In fact, he shows little interest in the event itself, and instead, shows the landscape and the architecture of colonial Massachusetts. It is a highly personal vision of American culture, which some claim is an uncertain mixture of adoration and parody. Supposedly the source and inspiration for the horse, and the painting itself, was a child’s rocking horse. At least that is what a staff member of the MET proclaimed. The bird’s eye view of the town and surrounding countryside becomes eerie when rendered with Wood’s formal and emotional precision.
Much like his legendary American Gothic (1930), The Midnight Ride of Paul Revere (1931) draws its power from formal imagination and moral vagueness. Paul Revere was a lookout assigned to keep watch for British troops near Boston. On April 18, 1775, they spotted the British and rode through Massachusetts warning the colonists to prepare for battle, giving them warning before the eventual battle of Lexington the next day. His ride is commemorated in a Longfellow poem. A little more information about Grant Wood, his style and his other great artworks.
Wood was an active artist from an extremely young age until his death, and although he is best known for his paintings, he worked in a large number of mediums, including ink, charcoal, ceramics, metal, wood and found objects. Throughout his life he hired out his talents to many Iowa-based businesses as a steady source of income. These included painting advertisements, sketching rooms of a mortuary house for promotional flyers and, in one case, designing the corn-themed decor (including chandelier) for the dining room of a hotel.
In addition, his 1928 trip to Munich was to oversee the making of the stained-glass windows he had designed for a Veterans Memorial Building in Cedar Rapids. Woods’ best known work is his 1930 painting American Gothic, one of the most familiar images in 20th century American Art. The painting was first exhibited at the Art Institute of Chicago where it can still be found today. Today, the painting is often satirized in pop culture, though it remains one of the top examples of Regionalism and American art.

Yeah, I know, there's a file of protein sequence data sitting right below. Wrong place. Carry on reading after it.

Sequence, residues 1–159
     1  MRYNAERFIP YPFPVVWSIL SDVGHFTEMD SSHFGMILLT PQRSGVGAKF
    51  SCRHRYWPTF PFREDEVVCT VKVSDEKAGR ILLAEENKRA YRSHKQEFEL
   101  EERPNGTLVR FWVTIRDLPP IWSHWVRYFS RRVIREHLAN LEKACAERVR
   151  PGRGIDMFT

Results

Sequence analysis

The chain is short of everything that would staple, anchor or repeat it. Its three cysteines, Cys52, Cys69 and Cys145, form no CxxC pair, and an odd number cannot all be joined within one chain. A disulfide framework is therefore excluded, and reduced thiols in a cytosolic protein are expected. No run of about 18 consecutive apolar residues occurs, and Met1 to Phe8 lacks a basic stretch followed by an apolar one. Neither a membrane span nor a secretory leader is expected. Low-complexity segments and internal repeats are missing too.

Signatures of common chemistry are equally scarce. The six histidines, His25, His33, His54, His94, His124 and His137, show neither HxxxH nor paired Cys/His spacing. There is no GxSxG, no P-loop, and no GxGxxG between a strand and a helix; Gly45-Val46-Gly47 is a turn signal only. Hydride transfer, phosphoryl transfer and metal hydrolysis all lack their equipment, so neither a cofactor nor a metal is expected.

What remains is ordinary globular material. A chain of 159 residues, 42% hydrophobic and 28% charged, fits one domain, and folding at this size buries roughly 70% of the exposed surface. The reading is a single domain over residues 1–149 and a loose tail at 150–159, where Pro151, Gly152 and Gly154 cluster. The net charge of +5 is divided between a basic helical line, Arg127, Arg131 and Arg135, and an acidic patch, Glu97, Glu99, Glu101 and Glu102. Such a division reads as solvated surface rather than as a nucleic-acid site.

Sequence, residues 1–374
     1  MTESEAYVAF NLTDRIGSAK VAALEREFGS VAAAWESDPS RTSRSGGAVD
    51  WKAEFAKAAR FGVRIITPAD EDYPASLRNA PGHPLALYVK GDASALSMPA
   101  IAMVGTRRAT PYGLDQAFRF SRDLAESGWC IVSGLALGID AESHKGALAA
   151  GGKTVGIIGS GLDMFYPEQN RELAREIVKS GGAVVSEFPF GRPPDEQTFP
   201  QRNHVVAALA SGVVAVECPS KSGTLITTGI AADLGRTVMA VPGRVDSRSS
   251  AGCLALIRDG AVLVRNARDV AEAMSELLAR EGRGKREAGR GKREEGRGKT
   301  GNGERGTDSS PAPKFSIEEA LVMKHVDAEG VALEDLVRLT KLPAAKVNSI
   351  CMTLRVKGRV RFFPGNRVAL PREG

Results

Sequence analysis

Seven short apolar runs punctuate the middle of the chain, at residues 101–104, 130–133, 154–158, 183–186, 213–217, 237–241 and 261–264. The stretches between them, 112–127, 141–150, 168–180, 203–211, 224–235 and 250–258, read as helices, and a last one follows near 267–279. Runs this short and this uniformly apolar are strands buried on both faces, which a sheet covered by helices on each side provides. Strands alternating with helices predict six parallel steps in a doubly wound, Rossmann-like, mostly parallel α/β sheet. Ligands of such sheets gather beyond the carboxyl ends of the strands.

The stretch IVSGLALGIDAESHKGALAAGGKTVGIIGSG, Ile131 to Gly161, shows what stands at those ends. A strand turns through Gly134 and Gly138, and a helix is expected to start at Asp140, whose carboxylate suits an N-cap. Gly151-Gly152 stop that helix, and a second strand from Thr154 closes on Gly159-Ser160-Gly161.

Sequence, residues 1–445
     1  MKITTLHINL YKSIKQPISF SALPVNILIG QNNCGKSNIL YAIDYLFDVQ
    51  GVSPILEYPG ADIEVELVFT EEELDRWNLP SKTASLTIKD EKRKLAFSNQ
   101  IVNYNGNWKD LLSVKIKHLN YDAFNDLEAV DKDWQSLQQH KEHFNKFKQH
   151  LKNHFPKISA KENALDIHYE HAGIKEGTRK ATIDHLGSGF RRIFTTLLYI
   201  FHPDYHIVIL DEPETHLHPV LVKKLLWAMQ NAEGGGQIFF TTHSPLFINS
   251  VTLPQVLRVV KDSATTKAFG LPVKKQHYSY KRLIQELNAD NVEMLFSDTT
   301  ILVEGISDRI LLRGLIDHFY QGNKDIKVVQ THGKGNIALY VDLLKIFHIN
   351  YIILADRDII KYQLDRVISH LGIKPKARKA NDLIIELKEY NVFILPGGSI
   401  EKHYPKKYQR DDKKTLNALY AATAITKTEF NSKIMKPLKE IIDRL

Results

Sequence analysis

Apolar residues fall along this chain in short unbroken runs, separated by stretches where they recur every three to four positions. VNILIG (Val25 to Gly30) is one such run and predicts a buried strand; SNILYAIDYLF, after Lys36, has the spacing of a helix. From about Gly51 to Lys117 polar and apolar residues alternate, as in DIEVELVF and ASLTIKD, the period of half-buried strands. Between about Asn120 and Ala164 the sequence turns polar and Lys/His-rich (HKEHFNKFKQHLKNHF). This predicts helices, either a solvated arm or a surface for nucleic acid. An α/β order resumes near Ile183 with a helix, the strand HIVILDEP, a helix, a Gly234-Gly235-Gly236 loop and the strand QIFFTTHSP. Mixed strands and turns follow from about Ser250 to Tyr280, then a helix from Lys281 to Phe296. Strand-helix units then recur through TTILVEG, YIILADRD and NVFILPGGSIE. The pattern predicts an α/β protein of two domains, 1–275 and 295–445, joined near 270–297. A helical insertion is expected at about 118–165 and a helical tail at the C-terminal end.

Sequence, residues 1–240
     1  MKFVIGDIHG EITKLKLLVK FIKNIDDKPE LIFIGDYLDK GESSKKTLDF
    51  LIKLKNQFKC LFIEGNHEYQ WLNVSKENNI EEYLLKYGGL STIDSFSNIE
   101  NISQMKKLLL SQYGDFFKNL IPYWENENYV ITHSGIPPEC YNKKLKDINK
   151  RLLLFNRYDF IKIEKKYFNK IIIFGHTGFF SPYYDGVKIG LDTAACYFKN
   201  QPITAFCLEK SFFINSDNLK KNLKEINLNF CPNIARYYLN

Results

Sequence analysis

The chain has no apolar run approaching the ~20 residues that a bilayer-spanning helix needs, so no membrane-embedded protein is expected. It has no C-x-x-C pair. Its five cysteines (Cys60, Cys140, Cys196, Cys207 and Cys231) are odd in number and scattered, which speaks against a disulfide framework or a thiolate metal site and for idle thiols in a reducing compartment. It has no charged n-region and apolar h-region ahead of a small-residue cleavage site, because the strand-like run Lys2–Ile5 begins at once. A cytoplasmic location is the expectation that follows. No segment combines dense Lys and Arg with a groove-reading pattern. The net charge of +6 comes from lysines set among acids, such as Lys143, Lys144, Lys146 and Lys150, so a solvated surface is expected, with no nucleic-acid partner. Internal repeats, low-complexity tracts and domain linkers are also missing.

Wood is considered the patron artist of Cedar Rapids, and one of his designs is depicted on the 2004 Iowa State Quarter. Although Grant Wood claimed to have painted only one satire, Daughters of Revolution, he seems virtually alone in that opinion (Corn, 100. ) Much of the discussion sparked by his most famous painting, American Gothic, revolved around the level of satiric intent, and Wood was henceforth typecast as a satirist, a label which ignored his vast artistic skills and interests (Corn, 101. Nevertheless, in perusing Wood’s painted works, it is difficult to argue that many of them are not satiric at most and gently ironic at the least.
Wood observed his fellow Americans with what can only be described as an amused eye, and more than once sought to capture and slightly deflate that into which so much patriotic stock was put. Wood’s genius in these pictures of things most American–Daughters of Revolution, American Gothic, The Midnight Ride of Paul Revere, The Birthplace of Herbert Hoover, and Parson Weems’ Fable? ‘–are his restraint and appreciation of the power of understatement.
He treads carefully in these, not failing to bring an appropriate amount of American majesty and patriotism to the forefront, but always slightly undercutting the nationalism of the image with elements of ironic whimsey that complicate the meaning of the paintings. Wood also produced several paintings that, while hardly entirely serious were much more personal and devoid of a “national” character. Again, they seem to have been born of Wood’s ever observant and ever amused eye, but the treatment of his subjects in these–notably Adolescence and Victorian Survival–is more gentle, more affectionately ironic than popularly satirical.